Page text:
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March 14 (3/14) is celebrated as Pi Day since pi is approximately 3.14, and of course is the ratio of a circle's circumference to its diameter - or of a pie's circumference to its diameter, for that matter! Pi is an irrational number, with an infinitely long string of digits, and over 10 trillion of those have been determined (the first ten are 3.141592653..).
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Thanks for sharing. I had not heard of this before, but is certainly makes sense. I have shared with several other teachers via email.
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I had not heard of pi day until recently and will be celebrating it this year with my math class. There is a wide range of activities online and I am excited to try some of them. Even young students could be introduced to pi and there are lots of activities to challenge older students as well. I have looked into a lot of different activities but don't know what would be best to try. I would love to hear about activities that others have done and how they went.
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Thanks for reminding us about pi day ( not as big as Mole day) but fun none the less. The last time I shared this celebration was with a magnet school in D.C. and the kids designed and sold sweat shirts and made pies to sell to earn money to go to their very first robotics contest. It was fun and constructive for all involved.
p.s. the tees were sold before March 14th so that the students could wear them to school in lieu of the required dress code;}
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Hi Pam and other thread participants,
I thought someone might be interested in a lesson that has students discovering "Pi" for themselves. I love this lesson:
Verifying Vexing Volumes: “Can Be as Easy as Pi” Mathematics for Pi Day :-)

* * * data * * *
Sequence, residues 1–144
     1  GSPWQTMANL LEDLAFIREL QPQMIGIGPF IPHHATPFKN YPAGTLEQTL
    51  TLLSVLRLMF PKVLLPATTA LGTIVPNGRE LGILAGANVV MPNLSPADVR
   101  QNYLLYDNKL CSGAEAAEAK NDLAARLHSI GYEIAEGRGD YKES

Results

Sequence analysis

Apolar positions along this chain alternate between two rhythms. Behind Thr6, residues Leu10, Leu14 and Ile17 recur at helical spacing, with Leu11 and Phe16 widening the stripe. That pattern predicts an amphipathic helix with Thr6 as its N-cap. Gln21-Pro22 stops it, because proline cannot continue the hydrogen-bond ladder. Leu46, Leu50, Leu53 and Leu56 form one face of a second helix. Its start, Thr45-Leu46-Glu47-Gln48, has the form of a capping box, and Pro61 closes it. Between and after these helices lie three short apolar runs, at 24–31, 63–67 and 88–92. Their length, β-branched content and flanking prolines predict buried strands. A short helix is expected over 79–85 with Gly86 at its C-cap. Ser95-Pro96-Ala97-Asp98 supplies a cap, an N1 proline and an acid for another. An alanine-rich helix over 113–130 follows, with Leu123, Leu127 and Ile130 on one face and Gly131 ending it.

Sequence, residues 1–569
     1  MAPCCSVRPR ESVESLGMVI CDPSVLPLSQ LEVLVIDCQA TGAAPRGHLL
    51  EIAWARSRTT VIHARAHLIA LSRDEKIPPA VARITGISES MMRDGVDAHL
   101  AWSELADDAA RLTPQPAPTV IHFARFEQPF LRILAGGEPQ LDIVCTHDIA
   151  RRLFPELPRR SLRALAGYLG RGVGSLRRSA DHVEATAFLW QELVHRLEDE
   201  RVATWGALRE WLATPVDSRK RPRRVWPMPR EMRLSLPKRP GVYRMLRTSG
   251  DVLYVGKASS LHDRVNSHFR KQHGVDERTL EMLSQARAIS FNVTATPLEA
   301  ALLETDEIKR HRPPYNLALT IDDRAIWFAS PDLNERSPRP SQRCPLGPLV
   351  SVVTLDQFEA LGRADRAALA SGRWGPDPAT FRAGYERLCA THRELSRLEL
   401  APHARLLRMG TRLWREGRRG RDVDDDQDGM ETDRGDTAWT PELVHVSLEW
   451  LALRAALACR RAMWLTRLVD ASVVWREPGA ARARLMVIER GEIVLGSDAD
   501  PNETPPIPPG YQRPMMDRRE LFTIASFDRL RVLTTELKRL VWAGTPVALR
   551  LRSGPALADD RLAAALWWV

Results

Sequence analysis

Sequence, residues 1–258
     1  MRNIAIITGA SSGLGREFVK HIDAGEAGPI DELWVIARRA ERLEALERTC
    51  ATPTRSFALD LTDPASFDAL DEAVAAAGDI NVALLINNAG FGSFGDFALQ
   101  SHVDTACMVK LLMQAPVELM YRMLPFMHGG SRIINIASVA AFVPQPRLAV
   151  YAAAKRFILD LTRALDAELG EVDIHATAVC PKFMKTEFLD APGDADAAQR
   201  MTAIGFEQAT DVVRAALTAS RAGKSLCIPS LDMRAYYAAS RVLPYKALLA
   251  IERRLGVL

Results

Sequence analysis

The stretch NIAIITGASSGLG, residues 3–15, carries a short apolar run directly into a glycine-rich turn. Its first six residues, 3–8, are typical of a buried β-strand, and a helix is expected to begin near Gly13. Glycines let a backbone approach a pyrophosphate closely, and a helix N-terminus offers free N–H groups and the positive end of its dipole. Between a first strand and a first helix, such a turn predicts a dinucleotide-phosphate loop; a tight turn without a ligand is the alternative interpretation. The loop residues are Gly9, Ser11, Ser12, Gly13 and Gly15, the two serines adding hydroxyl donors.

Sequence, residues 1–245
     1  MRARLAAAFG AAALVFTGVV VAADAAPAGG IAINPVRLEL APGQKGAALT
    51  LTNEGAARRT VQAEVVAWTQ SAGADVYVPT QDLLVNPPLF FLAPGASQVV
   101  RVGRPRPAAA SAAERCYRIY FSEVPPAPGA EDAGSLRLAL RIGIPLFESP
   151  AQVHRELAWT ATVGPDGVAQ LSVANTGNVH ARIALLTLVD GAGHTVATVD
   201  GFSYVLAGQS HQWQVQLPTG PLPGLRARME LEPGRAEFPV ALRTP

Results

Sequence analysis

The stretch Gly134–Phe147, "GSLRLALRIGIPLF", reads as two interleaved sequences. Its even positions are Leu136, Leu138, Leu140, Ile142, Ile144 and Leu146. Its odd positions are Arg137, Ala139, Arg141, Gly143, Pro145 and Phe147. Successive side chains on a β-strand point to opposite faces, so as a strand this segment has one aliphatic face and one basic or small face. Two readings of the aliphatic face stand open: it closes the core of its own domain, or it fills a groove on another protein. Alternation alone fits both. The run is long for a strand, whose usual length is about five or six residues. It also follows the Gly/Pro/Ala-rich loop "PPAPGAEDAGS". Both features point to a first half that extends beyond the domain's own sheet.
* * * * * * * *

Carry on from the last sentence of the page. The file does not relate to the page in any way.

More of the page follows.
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This reminds me of an activity that I had often used in early days of class when talking about significant figures, measurement, and the meaning of slopes. Students would measure the radius and the circumference of a variety of tin cans, and other round things stored in a box. Each group would select 6 different items from the box and use metric rulers, string, and simple plastic calipers to gather data. They then would graph Circumference vs. Radius on a graph (by hand- no electronic graphing programs allowed yet) and then think about the meaning of the slope of the best fit line. This led into statistics and variation as well as good graphing techniques. Finally, having discovered the relationship between pi and the slope, they would determining their percent accuracy using 3.14 as an acceptable value for pi. It was a nice and easy first days activity that set the stage for lots of future work in measuring and gathering data accurately. Unfortunately, I rarely baked pies for them as treats.
Thanks for your post which reminded me of this activity.
The movie "life of Pi" follows a boy who was fascinated by math and continuously solving the equation and therefore, he became the 'Pi' man. If you are interested in showing a movie clip of someone showing the ever ending Pi, I would suggest a small part of this movie.
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Thank you for sharing. I am currently a student studying to be an elementary education teacher. I performed a KWL chart on Pi Day in the sixth grade math classroom I'm currently observing in. We filled out the "K" and the "W" part of the chart prior to reading Sir Cumference and the Dragon of Pi and then filled out the "L" part of the chart after reading. The book is a fun math adventure to help students understand Pi, however, it is a fictional book so I was sure to address what was fictional and what was factual.
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This is a great idea and something I had not thought about before! I am bummed that 3/14 has already passed as I would have really liked to have done some fun activities. Thanks for sharing.
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